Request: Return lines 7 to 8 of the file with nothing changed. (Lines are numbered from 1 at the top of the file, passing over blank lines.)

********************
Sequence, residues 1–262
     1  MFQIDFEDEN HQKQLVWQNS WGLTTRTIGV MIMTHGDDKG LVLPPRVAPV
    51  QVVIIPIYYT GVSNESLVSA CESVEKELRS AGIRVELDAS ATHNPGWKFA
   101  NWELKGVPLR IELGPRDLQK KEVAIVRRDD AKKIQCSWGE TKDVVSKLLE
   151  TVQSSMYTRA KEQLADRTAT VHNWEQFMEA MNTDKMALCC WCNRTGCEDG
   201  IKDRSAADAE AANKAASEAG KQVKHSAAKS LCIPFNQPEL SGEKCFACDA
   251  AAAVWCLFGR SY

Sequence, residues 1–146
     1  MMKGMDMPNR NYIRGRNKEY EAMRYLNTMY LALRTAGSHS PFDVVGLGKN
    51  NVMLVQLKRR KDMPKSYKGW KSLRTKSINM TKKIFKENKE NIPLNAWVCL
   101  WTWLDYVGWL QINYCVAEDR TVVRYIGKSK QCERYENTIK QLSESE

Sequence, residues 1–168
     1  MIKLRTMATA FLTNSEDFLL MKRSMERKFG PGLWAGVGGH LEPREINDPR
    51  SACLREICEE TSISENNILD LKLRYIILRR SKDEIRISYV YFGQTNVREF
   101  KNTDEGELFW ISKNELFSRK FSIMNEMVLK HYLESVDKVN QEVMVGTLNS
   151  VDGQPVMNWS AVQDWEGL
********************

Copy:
   251  AAAVWCLFGR SY

Sequence, residues 1–146